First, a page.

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Date:      Wed, 7 Nov 2001 14:56:58 +0100
From:      "Anthony Atkielski" <anthony@atkielski.com>
To:        "Erik Trulsson" <ertr1013@student.uu.se>, "FreeBSD Questions" <freebsd-questions@FreeBSD.ORG>
Subject:   Re: Lockdown of FreeBSD machine directly on Net
Message-ID:  <00ca01c16794$12a7eba0$0a00000a@atkielski.com>
References:  <000201c166a2$d2ed80c0$1401a8c0@tedm.placo.com> <001401c166a9$9b976120$0a00000a@atkielski.com> <20011106180650.A72863@student.uu.se>

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Erik writes:

> There is no such thing as 100% security.

Sure there is.  Shannon proved it.  Some spies and spooks implement it.

> This is case where persistence is exactly what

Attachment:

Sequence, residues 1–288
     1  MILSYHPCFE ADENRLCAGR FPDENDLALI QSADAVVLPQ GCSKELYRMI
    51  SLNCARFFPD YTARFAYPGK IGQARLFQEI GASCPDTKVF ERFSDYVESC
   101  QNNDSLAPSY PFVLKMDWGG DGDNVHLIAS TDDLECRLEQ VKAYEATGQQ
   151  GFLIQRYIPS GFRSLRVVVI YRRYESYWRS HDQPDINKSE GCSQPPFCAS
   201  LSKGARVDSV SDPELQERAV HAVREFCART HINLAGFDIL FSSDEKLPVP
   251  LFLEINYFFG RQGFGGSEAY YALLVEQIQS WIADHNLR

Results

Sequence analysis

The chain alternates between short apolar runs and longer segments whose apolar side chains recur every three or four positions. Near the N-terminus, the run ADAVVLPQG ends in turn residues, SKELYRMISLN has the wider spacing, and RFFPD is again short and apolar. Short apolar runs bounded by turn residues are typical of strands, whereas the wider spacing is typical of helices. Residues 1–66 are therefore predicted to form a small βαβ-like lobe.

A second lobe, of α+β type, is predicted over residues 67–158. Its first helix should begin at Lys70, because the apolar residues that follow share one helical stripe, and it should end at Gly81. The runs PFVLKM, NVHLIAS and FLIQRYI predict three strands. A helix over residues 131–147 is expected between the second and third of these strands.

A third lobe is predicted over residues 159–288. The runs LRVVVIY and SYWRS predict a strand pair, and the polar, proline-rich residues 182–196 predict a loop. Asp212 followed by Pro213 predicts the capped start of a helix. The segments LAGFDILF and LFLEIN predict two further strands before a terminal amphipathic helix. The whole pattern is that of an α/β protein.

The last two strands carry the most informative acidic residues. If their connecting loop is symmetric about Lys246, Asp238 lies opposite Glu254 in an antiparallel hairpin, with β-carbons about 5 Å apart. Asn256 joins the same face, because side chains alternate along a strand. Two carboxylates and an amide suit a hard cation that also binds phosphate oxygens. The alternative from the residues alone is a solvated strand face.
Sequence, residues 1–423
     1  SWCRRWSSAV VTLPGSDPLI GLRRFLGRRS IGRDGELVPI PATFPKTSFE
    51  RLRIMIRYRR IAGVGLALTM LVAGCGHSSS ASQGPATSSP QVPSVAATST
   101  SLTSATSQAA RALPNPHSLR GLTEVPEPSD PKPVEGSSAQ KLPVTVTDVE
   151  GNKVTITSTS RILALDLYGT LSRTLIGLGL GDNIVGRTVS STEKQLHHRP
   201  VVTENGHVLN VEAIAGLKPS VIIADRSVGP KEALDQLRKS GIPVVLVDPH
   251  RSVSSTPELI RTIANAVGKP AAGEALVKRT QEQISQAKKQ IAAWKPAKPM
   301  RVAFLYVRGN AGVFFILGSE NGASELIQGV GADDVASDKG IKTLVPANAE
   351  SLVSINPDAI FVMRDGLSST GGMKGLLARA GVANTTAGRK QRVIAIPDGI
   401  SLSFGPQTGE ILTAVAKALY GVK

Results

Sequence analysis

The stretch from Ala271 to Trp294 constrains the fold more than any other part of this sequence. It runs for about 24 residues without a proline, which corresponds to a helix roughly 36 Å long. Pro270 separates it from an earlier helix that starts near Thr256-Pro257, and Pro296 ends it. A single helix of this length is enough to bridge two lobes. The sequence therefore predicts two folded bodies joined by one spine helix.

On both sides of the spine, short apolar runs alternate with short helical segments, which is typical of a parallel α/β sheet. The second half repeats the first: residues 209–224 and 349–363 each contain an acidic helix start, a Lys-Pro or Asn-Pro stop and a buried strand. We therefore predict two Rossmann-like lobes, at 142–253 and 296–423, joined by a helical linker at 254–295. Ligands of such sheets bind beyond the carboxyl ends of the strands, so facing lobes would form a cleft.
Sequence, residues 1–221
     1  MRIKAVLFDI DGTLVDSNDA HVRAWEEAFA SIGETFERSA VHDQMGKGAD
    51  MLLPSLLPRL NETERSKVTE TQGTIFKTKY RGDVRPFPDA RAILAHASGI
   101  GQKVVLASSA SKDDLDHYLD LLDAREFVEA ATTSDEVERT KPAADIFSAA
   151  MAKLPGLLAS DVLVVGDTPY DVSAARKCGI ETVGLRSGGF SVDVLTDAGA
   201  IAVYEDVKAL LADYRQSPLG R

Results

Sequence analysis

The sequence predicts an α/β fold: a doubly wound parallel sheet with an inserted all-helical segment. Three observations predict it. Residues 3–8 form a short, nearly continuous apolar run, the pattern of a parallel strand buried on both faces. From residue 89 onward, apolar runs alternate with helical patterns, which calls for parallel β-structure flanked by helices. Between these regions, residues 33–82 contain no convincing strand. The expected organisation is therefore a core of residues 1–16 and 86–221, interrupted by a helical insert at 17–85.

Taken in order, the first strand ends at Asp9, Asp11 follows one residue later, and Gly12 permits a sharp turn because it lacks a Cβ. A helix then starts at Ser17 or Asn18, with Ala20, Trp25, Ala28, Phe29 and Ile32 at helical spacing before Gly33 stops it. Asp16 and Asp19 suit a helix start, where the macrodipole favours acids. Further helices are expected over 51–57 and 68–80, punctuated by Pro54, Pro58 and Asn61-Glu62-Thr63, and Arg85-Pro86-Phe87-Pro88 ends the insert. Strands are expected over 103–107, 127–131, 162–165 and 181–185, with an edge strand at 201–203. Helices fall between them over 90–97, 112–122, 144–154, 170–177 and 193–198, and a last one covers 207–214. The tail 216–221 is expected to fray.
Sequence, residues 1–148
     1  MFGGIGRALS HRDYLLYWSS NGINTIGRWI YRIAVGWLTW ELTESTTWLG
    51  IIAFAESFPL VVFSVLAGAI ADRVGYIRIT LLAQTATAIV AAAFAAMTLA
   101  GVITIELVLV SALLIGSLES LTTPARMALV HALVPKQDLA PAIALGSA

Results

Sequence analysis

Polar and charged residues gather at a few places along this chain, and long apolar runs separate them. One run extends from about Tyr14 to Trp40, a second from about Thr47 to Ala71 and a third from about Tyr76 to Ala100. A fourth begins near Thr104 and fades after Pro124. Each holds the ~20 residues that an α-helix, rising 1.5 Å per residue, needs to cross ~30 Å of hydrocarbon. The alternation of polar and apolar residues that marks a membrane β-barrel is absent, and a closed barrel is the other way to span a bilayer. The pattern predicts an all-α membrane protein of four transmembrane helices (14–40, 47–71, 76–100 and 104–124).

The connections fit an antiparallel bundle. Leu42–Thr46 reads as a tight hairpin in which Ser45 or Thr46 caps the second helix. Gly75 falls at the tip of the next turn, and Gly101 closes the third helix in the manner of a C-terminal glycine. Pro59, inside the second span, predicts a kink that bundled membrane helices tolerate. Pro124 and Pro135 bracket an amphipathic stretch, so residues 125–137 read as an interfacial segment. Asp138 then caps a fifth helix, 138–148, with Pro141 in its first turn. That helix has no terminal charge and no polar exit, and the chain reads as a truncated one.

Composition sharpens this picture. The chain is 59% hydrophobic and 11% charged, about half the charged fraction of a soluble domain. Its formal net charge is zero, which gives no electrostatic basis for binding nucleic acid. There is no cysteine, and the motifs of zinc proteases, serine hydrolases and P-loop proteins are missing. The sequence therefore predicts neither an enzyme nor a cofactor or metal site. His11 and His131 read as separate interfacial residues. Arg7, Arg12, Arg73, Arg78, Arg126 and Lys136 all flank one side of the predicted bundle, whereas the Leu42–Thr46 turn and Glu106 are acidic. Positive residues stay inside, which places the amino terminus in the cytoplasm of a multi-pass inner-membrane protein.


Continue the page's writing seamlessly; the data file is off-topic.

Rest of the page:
> is needed to crack the system.  One simply tries
> every possible password until one succeeds.

With random eight-character alphanumeric passwords and five Telnet login attemps
per second, this will take about 1.25 million years, on average, far longer than
the lifetime of any attacker, persistent or otherwise.  In other words, the
system is completely secure in this context through computational feasibility,
and you can make it theoretically 100% secure as well by installing a lockout
after a certain number of bad password attempts.




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